LuxDeluxe embraces the stage in hometown of Northampton

By Lauren Crociati

Hang on for a minute...we're trying to find some more stories you might like.

Email This Story

Courtesy of LuxDeluxe Official Facebook Page)

(Courtesy of LuxDeluxe Official Facebook Page)

NORTHAMPTON – It was both a social gathering and musical event at the Iron Horse Music Hall in Northampton last Saturday night. While rock-oriented bands The Snaz and LuxDeluxe rocked the stage, friends and family members alike watched with the utmost amount of pride. Headlining act and Northampton natives LuxDeluxe were home and ready to impress.

There wasn’t a long wait for the opening act, The Snaz. Once doors opened and the audience was let inside, the four young members graced the stage. Lead singer Dharma Ramirez mesmerized the crowd with a shining metallic kimono and a clear concentration on the music.

After a technical difficulty, the group was stopped short in their first song and instructed to leave the stage until the problem was resolved. After only a few moments, the whimsical band was back onstage and officially began their set.

The Vermont natives played tracks such as, “Try and Try and Try,” “Save You” and a new song titled, “Strung Out On Candy Bars.” Guitarist Nina Cates explained the freshness of the piece by stating that it was a, “new song we just recorded last weekend.” During the song, they welcomed a fellow musician and member of their hometown of Brattleboro, Vermont: Archer Parks. Parks is lead guitarist of his band, Nomad VS Settler and is a youthful 14 years old.

After The Snaz finished its set and the stage was deconstructed, they were embraced by friends and family members who congratulated them on a great performance. The band definitely has a maturity and music style beyond their years; each member is still in their teens. Their presence on stage is welcoming and they displayed an absolute passion that shined just as brightly as the sparkles that glimmered from Ramirez’s outfit under the Iron Horse spotlights.

Shortly after the opening act, instruments were switched, tall glowing cylinders were placed for decoration at the edge of the stage and LuxDeluxe began its set. Audience members were first greeted by four members of the band. The lead guitarist, bassist, keyboardist and drummer all stood idly waiting for the semi-dramatic entrance of lead singer Ned King.

After a few moments King intricately approached the stage with a martini glass and red carnations in hand. He then playfully threw each flower into the crowd one by one. The spirited musician wore a black blazer, black shirt and black pants, displaying an incredible contrast from other band members who wore rather colorful pieces of clothing. This small detail allowed for King to stand out from the other members, which could very well have been intentional.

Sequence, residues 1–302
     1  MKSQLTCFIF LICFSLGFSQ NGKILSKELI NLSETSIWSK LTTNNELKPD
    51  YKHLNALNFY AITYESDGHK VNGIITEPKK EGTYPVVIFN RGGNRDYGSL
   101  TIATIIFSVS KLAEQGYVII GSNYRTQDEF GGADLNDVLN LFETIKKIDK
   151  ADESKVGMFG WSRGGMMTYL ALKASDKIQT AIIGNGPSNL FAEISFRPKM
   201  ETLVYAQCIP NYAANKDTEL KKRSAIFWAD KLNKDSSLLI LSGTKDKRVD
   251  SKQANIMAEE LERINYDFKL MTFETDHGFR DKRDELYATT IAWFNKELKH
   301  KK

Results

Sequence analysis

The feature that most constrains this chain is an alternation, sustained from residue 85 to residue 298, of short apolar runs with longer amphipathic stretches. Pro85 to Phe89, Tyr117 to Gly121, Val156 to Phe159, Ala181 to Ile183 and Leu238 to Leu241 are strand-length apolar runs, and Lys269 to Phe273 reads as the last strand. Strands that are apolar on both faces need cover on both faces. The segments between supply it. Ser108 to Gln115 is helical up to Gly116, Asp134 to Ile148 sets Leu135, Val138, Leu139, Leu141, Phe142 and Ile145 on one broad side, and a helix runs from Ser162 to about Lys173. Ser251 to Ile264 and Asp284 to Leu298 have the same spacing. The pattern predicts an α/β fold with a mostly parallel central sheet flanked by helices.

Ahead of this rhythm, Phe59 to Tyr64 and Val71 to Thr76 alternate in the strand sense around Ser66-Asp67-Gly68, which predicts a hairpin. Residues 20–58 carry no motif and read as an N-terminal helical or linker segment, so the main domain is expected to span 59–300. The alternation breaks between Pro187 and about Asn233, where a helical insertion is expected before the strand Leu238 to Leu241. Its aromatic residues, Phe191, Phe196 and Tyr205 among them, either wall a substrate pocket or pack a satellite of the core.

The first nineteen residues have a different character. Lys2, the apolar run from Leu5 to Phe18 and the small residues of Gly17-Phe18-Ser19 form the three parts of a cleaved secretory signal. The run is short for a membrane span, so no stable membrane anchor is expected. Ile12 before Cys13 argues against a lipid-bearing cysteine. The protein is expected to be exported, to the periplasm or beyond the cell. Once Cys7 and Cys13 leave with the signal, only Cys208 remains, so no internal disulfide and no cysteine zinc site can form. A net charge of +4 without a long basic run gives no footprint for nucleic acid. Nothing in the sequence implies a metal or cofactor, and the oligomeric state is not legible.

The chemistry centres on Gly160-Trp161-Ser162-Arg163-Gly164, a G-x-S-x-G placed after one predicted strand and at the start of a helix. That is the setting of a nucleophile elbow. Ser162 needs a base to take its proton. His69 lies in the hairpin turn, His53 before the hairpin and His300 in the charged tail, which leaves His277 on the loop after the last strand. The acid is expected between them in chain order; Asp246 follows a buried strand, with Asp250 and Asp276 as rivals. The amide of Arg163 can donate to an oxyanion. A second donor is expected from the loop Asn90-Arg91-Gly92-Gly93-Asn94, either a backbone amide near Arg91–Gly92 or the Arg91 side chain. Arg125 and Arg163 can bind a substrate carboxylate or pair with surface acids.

LuxDeluxe opened its set with a slow-moving tune from their second album, “It’s a Girl,” titled “MTV.” It was an interesting move on the band’s part, as most live musical events begin with heavily beat-driven pieces to increase the crowd’s excitement. King gripped the stem of his martini glass and took small sips between lyrics until the third song. The gesture made the lead singer appear nonchalant with a carefree attitude.

King clearly portrays himself this way to construct the persona of a stereotypical rock star. Other LuxDeluxe members displayed themselves as down-to-earth and focused solely on pleasing their vibrant audience. They continued their set, playing such tracks as, “Maybe Baby,” “Talk to Her” and “So Far Away.”

Keyboardist Gabe Bernini explained their eagerness to attempt an act that could potentially invigorate the crowd.

“We want Ned to jump into the crowd and switch shirts with somebody. You can put as many clothes on him as you want,” Bernini humorously made clear. King then did as he was told and entered the audience to come back to the front of the stage with three new pieces of clothing. This sort of interaction with fans rapidly sparked the energy in the room.

It is dutifully clear that LuxDeluxe devotes much of its on-stage attention to charming audience members.

King is a bustling force as shown through his rapid dance movements. At the show, he played an important role in the creation of the lively energy. However, in some moments the lead singer’s vigor was imbalanced next to his fellow members’ and might be overwhelming to some. Despite this, anyone observing the show would recognize King’s passion for his art. It was often admirable.

LuxDeluxe’s hometown concert exhibited an immense appreciation and importance for local musicians. Residents rose to the occasion and welcomed the group home with open arms. The band’s indie rock style allowed for both a calming and energized fervor throughout their diverse sounds.

LuxDeluxe has three more shows in the area over the next few months. The band’s next stop is Amherst College on May 1. Details can be found on their official website.

Lauren Crociati can be reached at [email protected]